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Valve : A Third Way?

Amidst the noise and bluster of this week’s big release, an arguably more intriguing piece of news hit the waves: Valve look as though they’re finally about to reveal their long-awaited Steambox gaming-PC.

Once a developer of genuinely ground-breaking titles; Valve have long since put their gaming credentials on the back-burner in favour of becoming the purveyor of the industry’s most respected and widely distributed digital platform: Steam. PC gamers have all but foregone boxed sales over the last console generation thanks to Steam – embracing it with open arms. Whilst I’ve been out of the PC-gaming-sphere for a number of years, I have many friends and family still firmly entrenched – and not once have I ever heard a bad word about Steam.

Well, other than it’s perhaps taken Valve’s focus off making games. I say games; I mean Half-Life 3. Sigh.

So when a company that’s completely nailed two unique yet inextricably linked disciplines, announces that it’s about to reveal its plans to master a third, you stop and take note.

The 'Piston' PC - a vision similar in form to the Steambox?

The ‘Piston’ PC – a vision similar in form to the Steambox?

On the surface of it, you might balk at the idea of a Linux-powered gaming PC plonked next to your TV. PC gamers are arguably quite happy as they are  – mostly sat at their dedicated desks in their dedicated rooms – and console gamers are equally content with their platform exclusives, closed ecosystems, fan-boy wars and game-pads. So where exactly would a Steambox fit in?

Well, if the iPad is anything to go by, I think that with careful timing, Valve just might find themselves as creators of a ‘third way’. As with Steve Jobs’ finest moment – one that spawned an entire market of its own despite earlier attempts by others – the idea of a TV-based-gaming-PC has been a reality for some time, but never more than a niche experience for a select few.

Until now?

PC gaming has reached a level of visual fidelity that is arguably beyond ‘necessary’ and many may be content with a slight retrograde step – with console gamers being ripe for the picking as well. Those once addicted to the purchasing of physical products are slowly moving into a realm of purely digital-distribution – lead somewhat ironically by the platform holders themselves. I’m quite sure that Microsoft would like nothing more than to ditch optical discs (and the used-market) and have customers download games directly – with Sony’s remarkable Instant Game Collection absolutely steering gamers towards an increasingly digital reality.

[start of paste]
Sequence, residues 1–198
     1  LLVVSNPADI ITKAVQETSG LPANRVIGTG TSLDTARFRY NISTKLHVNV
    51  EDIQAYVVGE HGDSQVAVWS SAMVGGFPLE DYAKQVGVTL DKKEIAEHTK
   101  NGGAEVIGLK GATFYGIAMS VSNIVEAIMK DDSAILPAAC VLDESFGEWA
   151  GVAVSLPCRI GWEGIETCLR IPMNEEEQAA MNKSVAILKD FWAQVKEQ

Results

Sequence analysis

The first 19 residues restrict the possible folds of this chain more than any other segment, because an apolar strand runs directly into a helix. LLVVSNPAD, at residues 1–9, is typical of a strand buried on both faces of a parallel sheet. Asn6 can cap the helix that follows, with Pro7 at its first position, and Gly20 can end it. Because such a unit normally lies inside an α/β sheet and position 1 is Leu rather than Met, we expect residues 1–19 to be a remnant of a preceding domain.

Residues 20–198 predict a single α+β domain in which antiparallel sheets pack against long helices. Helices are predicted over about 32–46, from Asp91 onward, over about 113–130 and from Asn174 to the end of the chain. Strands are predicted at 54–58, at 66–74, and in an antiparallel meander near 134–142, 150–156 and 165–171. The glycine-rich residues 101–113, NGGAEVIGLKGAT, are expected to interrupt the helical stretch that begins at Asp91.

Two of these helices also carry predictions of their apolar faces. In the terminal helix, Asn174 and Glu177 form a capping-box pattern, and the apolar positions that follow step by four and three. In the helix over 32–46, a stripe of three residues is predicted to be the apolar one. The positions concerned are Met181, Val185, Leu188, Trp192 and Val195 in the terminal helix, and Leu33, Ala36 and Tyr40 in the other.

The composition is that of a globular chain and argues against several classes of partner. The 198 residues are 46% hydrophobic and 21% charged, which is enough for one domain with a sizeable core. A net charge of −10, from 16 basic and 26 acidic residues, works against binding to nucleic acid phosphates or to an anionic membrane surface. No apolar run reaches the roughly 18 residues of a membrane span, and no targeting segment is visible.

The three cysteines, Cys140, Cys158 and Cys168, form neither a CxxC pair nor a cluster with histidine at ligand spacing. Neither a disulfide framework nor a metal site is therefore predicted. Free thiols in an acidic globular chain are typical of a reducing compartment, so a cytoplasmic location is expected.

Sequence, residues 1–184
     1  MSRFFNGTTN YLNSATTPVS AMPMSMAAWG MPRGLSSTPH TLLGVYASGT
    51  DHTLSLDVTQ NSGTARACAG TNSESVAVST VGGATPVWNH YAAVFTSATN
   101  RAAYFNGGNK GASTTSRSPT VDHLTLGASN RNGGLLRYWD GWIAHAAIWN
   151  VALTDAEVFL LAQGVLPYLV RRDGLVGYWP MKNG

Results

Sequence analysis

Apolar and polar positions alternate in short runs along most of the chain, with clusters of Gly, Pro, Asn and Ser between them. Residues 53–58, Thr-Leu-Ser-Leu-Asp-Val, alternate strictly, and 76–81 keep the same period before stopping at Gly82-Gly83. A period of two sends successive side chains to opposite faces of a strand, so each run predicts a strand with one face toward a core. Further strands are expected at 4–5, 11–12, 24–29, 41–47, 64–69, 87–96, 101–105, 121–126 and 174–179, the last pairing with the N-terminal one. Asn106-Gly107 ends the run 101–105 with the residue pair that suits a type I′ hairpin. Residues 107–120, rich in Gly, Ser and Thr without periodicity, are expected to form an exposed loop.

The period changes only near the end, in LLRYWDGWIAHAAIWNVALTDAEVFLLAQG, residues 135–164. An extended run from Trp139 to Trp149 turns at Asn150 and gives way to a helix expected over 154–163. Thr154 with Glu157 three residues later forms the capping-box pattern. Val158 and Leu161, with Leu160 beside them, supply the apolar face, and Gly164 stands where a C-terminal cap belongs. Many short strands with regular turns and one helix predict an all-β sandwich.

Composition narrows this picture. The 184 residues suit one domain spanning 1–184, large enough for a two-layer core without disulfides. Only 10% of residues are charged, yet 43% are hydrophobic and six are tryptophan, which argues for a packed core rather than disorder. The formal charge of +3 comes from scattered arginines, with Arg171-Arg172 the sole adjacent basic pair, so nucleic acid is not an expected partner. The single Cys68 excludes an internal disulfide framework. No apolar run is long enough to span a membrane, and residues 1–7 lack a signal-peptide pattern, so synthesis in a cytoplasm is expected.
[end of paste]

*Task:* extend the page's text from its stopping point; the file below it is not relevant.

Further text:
So with perceptions and expectations arguably shifting: could Valve strike at the perfect moment?

Gaming PC

Grounds for divorce.

In a nutshell, I’d say: yes, absolutely.

Take myself: an experienced PC gamer and rig-builder of old who turned his back on the seemingly endless tinkering that was required in favour of a plug-and-play philosophy. PC gaming may have become more user-friendly in the meantime, but nothing beats the power-disc-pad-couch style of gaming-fu after a hard day’s graft. Then again, the high prices of console games coupled with the closed-platform mentality – and now seven-year life-cycle – has left me feeling somewhat jaded. Where there was once an unquestioned thirst for the next console in line, there’s now more of a hesitant pondering as to whether or not I actually want to sign-up for more of the same.

So if someone was to come along and offer me a reliable, open, cheap and stylish alternative with access to a comprehensive library of games, would I make the switch and merge the two parts of my gaming history together?

Yeah – I reckon I would.

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Husband. Parent. Gamer. Go figure.

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One Comment

  1. Price is going to be all important, as is getting the Valve machine into regular retailers. Packing in some big games would help a lot.

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